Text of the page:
Preparing for Disaster Recovery
Updated: November 1, 2008
Applies To: System Center Data Protection Manager 2007
When a computer is damaged or fails, your ability to restore that computer's functions and data depends on the actions you take before the disaster occurs.
If you use DPM for routine protection of file and application data and take no additional measures to prepare for disaster recovery, you can use DPM to recover the data after a protected computer is damaged or fails. However, you must first rebuild the computer manually by reinstalling the operating system, applications, and server configuration.
If the DPM server is damaged or fails, you must rebuild the DPM server manually and then reconfigure protection. Disk-based recovery points will not be recoverable; however, you can import existing tapes for data recovery. For more information, see Importing Tapes (http://go.microsoft.com/fwlink/?LinkId=102163).
If both the protected computer and the DPM server are damaged or fail, you can recover the latest backup from imported tapes after you rebuild the computers.
If both the protected computer and the DPM server are damaged or fail and you used only short-term disk-based protection, all data could be lost.
Prepare for disaster recovery using the following methods:
Back up the protected computer system state. You can back up the system state of protected computers in a protection group by using DPM. System state backup enables you to restore a computer configuration after you reinstall the operating system and applications.
Back up critical data to both disk and tape. A thorough disaster recovery plan will include offsite storage of critical information; however, you want to be able to recover your organization's data should your facility be damaged or destroyed. Tape is a popular medium for offsite storage.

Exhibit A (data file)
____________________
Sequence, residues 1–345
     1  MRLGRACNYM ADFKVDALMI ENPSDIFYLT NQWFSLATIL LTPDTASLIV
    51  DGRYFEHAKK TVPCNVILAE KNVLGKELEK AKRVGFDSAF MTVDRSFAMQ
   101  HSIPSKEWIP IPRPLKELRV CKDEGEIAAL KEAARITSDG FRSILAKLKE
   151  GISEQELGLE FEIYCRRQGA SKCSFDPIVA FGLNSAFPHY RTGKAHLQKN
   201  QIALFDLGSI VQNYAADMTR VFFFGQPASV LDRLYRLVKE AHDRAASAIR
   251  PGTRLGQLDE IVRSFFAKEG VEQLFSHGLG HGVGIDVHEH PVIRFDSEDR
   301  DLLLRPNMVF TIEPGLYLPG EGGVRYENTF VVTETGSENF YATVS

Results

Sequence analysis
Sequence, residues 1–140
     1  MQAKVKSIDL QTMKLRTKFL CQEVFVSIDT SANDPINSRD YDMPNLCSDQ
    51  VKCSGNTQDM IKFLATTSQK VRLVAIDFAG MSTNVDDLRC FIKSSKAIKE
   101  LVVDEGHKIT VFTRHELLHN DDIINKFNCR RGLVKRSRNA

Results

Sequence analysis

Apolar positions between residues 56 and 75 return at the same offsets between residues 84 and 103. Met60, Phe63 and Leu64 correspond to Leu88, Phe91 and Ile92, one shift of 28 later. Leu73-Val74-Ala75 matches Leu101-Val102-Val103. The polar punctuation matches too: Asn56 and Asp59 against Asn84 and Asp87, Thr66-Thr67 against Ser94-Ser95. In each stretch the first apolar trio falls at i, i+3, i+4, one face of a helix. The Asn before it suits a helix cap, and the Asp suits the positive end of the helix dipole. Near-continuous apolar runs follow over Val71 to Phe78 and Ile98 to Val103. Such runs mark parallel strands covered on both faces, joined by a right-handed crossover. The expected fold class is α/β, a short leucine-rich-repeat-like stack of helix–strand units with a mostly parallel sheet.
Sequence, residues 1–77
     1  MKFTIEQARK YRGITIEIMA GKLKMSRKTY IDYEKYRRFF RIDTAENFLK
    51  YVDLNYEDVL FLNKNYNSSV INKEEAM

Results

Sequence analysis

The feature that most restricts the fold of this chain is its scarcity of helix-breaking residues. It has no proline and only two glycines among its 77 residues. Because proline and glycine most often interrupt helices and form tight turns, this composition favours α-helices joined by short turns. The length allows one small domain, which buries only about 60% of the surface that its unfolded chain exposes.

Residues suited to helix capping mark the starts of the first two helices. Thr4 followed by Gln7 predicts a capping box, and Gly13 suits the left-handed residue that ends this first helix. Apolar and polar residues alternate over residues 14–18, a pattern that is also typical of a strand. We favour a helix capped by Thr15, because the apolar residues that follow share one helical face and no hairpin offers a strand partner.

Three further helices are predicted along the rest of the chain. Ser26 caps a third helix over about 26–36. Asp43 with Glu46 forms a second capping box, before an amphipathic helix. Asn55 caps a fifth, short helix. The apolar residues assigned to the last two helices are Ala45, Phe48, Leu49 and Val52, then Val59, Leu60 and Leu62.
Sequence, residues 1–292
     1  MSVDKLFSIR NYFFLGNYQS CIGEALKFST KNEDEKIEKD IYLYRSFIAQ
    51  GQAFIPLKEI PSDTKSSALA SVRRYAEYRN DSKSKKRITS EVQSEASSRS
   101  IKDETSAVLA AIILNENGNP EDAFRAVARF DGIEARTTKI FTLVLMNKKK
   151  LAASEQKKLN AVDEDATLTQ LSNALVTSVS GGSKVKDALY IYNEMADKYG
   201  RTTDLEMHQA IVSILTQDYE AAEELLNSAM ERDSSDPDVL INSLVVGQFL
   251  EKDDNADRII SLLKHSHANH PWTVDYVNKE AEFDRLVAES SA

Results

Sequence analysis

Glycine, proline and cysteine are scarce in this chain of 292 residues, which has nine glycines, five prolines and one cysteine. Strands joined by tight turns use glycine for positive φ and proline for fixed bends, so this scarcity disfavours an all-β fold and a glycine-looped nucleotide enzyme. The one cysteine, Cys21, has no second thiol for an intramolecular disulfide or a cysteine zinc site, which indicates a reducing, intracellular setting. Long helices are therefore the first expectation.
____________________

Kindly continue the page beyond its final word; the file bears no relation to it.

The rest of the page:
Add a secondary DPM server. A secondary DPM server can protect and restore a primary DPM server, which is a DPM server directly protecting file and application data sources. The secondary server can protect the databases of the primary DPM server, as well as the data source replicas that are stored on the primary DPM server. If the primary DPM server fails, you can restore the databases and replicas to the rebuilt primary DPM server from the secondary DPM server. You can restore data to protected computers directly from the secondary DPM server when the primary DPM server is unavailable. The secondary DPM server can also protect servers until the primary DPM server is available.
Back up DPM databases to tape. You can use a DPM server to back up its own databases to its tape library, or you can use non-Microsoft software to back up the databases to tape or removable media. Backup of the DPM databases enables you to recover the configuration of protection groups after you reinstall DPM.
|Of these options, adding a secondary DPM server provides the greatest amount of protection. At a minimum, we strongly recommend that you back up the DPM databases regularly, either using DPM or non-Microsoft software.|